Arts But Enough About the Books—How Was the Food?
posted by November 24 at 14:50 PMon
In this week’s issue, Angela Garbes reports from the National Book Awards dinner last week in New York City.
The National Book Awards ceremony—the “Oscars of the book world”—is an all-out party for the publishing industry featuring a mini red carpet, mediocre hors d’oeuvres, old white men in tuxedos, and a vague, unrelenting sense of sanctimony. Being associated with an independent poetry press based in Washington State, it is easier for me to feel overwhelmed than involved. “Who the hell are these people?” and “What am I doing here?” are recurring questions in my evening’s interior monologue.
And today on this here website there’s a new From the Archives article: Paul Bravmann’s hilarious report from the 1998 National Book Awards dinner.
By 7:00 p.m. the sixth-floor foyer of New York City’s Marriott Marquis was wall-to-wall tuxedos and designer dresses, many of which revealed the prosaic backs of publishing industry mavens. I felt like a slob in my thrift-store blazer and open collar, so I stood half-hidden behind a pillar at the scene’s periphery. After 10 minutes of pointless loitering, I spotted Harold (Western Canon) Bloom, whose Shakespeare: The Invention of the Human, which the judges cited as “exacting and entertaining, infuriating and compelling,ā€¯ was one of this year’s finalists. Bloom shambled past me, as graceful as a haystack, his jowls trembling slightly with each step. His hair, a fine gray froth, was caught by a draft and lifted off his dappled skull. His bow tie was askew. After observing Bloom, a man who manages to make a well-cut tux look dowdy, I felt free to circulate.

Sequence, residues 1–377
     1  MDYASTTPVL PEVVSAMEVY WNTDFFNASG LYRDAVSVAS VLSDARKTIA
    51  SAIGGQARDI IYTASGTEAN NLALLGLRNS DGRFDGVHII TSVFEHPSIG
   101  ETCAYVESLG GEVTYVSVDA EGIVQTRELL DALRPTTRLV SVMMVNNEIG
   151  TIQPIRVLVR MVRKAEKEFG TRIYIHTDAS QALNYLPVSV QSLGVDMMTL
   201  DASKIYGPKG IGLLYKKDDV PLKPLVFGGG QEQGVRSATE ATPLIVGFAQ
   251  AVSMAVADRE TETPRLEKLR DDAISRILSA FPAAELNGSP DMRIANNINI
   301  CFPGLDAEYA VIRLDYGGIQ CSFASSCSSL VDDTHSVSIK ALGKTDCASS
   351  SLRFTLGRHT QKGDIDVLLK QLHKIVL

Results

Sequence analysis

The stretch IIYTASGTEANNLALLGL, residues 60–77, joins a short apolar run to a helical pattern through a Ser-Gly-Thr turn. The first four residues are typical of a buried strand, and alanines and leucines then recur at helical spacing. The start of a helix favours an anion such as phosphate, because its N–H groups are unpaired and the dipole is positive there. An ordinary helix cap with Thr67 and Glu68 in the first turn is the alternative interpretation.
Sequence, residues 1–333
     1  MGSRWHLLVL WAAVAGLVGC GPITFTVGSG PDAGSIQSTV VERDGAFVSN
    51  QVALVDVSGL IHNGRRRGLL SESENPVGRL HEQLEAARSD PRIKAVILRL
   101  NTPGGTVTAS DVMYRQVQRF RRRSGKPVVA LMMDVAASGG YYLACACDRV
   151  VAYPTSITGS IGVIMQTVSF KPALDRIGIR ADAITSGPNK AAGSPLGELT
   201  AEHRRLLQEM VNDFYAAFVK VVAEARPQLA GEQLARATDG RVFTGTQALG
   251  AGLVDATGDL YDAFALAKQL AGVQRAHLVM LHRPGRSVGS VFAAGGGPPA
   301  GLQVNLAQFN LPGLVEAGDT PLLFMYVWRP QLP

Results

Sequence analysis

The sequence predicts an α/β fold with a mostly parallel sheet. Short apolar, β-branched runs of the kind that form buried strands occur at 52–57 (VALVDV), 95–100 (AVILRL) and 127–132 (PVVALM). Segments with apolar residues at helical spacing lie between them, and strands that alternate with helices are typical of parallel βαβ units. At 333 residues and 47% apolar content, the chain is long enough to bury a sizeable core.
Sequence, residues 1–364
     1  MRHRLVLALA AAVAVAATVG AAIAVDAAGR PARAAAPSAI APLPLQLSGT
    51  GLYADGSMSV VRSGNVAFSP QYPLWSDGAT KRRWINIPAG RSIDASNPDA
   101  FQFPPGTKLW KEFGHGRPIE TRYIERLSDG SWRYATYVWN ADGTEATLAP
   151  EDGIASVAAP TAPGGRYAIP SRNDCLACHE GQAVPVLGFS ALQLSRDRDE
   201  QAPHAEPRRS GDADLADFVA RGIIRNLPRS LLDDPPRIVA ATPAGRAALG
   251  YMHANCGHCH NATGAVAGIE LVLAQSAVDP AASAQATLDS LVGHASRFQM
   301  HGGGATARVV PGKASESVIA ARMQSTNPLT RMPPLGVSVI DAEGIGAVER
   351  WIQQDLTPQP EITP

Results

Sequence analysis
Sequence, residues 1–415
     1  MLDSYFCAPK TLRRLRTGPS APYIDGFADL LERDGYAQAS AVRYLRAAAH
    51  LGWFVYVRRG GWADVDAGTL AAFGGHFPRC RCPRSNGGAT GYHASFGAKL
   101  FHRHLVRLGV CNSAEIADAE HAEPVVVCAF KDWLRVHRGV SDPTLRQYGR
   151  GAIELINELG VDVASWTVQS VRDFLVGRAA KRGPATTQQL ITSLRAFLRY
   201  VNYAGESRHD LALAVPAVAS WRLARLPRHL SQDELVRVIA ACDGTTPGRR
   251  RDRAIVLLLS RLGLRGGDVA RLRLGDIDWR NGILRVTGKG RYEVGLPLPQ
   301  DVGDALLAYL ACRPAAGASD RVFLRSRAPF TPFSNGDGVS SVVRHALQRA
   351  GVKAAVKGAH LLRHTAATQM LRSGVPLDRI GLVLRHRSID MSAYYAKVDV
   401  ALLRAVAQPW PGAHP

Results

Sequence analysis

There’s also some stuff about books. Enjoy.